There is a caveat to the modeling work in that (as noted earlier) the language input is a limited reflection of the sheer amount of input that children receive. Ultimately this may have little bearing on nonword repetition results because, by definition, these are constructed from units that will only have been encountered sublexically, and exposure to the 151,962 utterances used as input means that the model is exposed to well over 2 million biphone sequences. However, the input will not reflect all of the possible digit sequences and word sequences to which the child is exposed, and, therefore, estimates involving these tests are likely to underrepresent the involvement of associative learning.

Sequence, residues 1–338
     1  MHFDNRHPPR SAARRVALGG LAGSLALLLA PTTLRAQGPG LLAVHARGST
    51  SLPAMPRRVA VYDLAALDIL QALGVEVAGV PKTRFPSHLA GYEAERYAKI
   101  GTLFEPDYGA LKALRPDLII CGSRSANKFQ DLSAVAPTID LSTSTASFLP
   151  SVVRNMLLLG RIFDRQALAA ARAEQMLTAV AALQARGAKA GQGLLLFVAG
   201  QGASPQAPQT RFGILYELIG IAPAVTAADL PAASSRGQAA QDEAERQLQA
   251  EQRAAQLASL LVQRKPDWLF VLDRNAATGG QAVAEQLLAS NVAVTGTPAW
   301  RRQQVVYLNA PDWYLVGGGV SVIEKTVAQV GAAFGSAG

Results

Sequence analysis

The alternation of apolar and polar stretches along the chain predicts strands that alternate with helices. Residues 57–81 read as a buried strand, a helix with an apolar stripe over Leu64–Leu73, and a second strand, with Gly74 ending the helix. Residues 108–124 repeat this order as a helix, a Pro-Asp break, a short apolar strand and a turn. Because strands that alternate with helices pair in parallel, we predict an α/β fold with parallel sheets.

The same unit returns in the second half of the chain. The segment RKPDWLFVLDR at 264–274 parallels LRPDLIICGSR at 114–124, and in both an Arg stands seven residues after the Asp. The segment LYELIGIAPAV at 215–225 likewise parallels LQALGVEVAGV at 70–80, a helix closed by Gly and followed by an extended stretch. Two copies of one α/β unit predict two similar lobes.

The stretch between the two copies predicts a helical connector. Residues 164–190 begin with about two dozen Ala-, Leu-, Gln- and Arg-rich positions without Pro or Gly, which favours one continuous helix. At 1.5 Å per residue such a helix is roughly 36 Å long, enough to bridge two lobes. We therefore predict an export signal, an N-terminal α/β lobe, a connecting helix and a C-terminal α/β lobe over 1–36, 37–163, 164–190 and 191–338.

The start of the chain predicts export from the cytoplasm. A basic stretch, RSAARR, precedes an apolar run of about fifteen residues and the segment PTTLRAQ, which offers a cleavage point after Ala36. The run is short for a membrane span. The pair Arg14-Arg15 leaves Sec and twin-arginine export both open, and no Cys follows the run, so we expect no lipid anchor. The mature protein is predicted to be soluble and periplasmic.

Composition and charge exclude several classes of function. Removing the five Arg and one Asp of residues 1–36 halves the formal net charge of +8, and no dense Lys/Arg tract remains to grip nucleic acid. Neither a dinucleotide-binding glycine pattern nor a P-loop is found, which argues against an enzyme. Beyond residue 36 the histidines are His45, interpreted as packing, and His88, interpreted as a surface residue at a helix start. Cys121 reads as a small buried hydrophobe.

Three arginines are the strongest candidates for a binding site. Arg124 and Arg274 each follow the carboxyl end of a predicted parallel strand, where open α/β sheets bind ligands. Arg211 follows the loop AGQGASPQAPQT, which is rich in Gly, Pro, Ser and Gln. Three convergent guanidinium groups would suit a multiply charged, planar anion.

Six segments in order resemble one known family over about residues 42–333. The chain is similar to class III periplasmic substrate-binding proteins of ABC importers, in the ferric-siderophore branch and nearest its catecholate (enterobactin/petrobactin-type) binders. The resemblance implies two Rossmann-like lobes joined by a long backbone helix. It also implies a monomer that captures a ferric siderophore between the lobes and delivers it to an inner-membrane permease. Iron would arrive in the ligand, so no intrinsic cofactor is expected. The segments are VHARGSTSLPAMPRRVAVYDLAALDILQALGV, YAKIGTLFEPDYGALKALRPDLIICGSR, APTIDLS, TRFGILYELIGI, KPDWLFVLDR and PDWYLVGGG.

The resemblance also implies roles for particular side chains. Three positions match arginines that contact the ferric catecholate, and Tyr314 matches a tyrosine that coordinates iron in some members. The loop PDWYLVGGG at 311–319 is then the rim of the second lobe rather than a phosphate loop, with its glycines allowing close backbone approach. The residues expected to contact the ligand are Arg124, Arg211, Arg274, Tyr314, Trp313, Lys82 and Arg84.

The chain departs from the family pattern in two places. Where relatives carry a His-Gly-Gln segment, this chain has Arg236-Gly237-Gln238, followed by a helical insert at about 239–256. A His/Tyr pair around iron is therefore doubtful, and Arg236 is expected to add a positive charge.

Modeling predictions for digit span, nonword repetition, and sentence recall

Stimuli